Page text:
This is one area where standardization is really needed for EVs if there's going to be made adoption. So many people have zero patience and would just throw their hands in the air over little details like this. Fortunately, I'm pretty patient
I don't disagree, the problem is in N. America we have so many different type of 240v plug styles, it's kind of mind-boggling from someone just used to the standard 120v wall outlet(NEMA 5-15 standard). The reason we have so many different type of plugs is the plug style denotes the maximum current the outlet will supply. We have 15a, 20a, 30a and 50a. Then we have different type of plugs for various applications. The 6-xx standard for example doesn't use the neutral, just 2 hots and a ground. Then there is the 14-xx standard which gives you 2 hots, a ground and neutral(for things like a camper than need not only 240v but also 120v). Then there is the somewhat obsolete 10-xx standard that uses 2 hots and a combined neutral/ground for things like old ranges that need 240v but also 120v for things like a light bulb or 120v convenience outlet, this plug standard isn't really code anymore but lots of old ranges still use it. Not to mention the various L standard plugs that are what I like, they are a locking type outlet that won't pull out like a standard plug, they are also smaller than the normal larger amp 240v plugs.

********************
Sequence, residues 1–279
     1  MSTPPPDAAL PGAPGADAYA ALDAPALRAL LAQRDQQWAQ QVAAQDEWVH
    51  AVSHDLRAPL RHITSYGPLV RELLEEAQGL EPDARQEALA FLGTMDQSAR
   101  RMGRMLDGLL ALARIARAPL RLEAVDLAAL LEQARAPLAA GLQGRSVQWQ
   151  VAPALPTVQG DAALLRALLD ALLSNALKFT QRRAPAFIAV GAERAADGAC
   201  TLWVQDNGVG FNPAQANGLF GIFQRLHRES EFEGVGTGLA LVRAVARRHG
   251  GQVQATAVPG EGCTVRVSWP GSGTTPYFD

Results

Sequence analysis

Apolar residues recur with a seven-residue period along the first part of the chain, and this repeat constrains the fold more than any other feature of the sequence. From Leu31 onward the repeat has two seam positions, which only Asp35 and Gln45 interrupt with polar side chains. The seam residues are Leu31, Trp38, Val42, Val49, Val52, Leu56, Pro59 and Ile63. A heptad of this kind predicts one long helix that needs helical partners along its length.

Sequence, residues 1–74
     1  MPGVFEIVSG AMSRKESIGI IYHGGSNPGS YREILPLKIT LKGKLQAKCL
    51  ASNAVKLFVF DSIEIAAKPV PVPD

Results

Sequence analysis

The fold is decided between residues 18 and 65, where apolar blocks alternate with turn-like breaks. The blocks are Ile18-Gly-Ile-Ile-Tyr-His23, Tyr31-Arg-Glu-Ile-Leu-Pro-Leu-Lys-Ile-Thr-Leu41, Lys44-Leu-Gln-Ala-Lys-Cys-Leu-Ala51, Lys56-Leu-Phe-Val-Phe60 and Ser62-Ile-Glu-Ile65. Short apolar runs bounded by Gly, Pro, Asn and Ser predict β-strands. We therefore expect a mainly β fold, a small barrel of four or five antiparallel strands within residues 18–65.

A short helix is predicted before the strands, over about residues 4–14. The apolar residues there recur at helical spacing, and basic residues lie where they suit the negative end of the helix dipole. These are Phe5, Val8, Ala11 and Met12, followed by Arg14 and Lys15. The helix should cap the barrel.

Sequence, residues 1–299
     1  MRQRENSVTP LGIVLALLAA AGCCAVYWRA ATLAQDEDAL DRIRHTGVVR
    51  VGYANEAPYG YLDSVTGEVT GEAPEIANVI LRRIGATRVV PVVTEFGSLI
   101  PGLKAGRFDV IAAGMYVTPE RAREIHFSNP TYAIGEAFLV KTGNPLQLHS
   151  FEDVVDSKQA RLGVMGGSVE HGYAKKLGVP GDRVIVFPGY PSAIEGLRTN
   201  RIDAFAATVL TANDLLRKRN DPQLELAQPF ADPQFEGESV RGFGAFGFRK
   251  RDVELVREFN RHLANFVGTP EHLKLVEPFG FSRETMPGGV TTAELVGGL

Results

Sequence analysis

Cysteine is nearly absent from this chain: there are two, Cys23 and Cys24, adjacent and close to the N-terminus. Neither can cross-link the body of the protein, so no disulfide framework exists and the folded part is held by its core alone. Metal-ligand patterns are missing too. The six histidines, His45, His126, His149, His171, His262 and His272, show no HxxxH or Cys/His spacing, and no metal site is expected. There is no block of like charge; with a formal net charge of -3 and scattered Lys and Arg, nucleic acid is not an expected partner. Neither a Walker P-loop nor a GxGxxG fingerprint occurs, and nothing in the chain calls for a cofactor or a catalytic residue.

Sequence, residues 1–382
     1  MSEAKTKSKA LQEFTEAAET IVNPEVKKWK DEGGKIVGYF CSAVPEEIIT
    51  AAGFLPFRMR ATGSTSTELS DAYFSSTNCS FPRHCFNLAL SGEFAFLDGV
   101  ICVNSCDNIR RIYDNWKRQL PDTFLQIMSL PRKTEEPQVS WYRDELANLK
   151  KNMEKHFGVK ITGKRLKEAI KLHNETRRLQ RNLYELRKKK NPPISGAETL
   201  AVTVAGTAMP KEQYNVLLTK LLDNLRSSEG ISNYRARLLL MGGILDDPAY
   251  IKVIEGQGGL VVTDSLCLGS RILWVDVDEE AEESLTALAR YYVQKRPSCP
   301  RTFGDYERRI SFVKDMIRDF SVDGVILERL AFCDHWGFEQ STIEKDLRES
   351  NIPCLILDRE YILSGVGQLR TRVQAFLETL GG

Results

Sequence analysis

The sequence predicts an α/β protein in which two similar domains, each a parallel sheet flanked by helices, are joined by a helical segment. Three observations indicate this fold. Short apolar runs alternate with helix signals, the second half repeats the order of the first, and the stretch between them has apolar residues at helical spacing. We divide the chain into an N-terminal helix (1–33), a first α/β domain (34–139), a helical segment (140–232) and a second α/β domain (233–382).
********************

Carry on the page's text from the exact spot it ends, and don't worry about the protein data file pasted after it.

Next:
Tesla kind of standardized on the 14-50 standard which is probably the most common high amperage range outlet and like our Leafs they don't need the neutral and my guess?? is they omit the neutral pin on the plug so you could plug it into a 6-50 or even 14-60 outlet if available.
EVSEupgrade standardized on the L6-30 plug which is what I like and since they never exceed 30a it works well for them, finding a L6-30 outlet out and about is very rare, hence why people like me have made various outlet adapters and for that the L6-30 works great.
Many higher amperage EVSEs for sale in the US seem to follow Teslas lead and use the 14-50 plug, I've never seen another EVSE use the 6-50 plug the EVduty uses which is normally used for things like a welder that doesn't need the neutral, smaller amperage 240v EVSEs use a variety of plug styles, generally trying to mimic a 240v AC plug or dryer or range outlet.
While it would be nice to have one plug do it all(like the standard 120v plug) unfortunately that will probably never happen due to the wide range of amperages and whether a neutral is needed or not.
Heres a link to a chart that shows the various outlet types, go down about 2 pages and on the right side is the chart.https://en.wikipedia.org/wiki/NEMA_connector
The EVSE Tony Williams sells is nice in this respect, depending on the plug you use it adjusts the output amperage, you pay a bit more for this but kind of takes the guess work out of things.http://shop.quickchargepower.com/JESLA- ... scsfapp002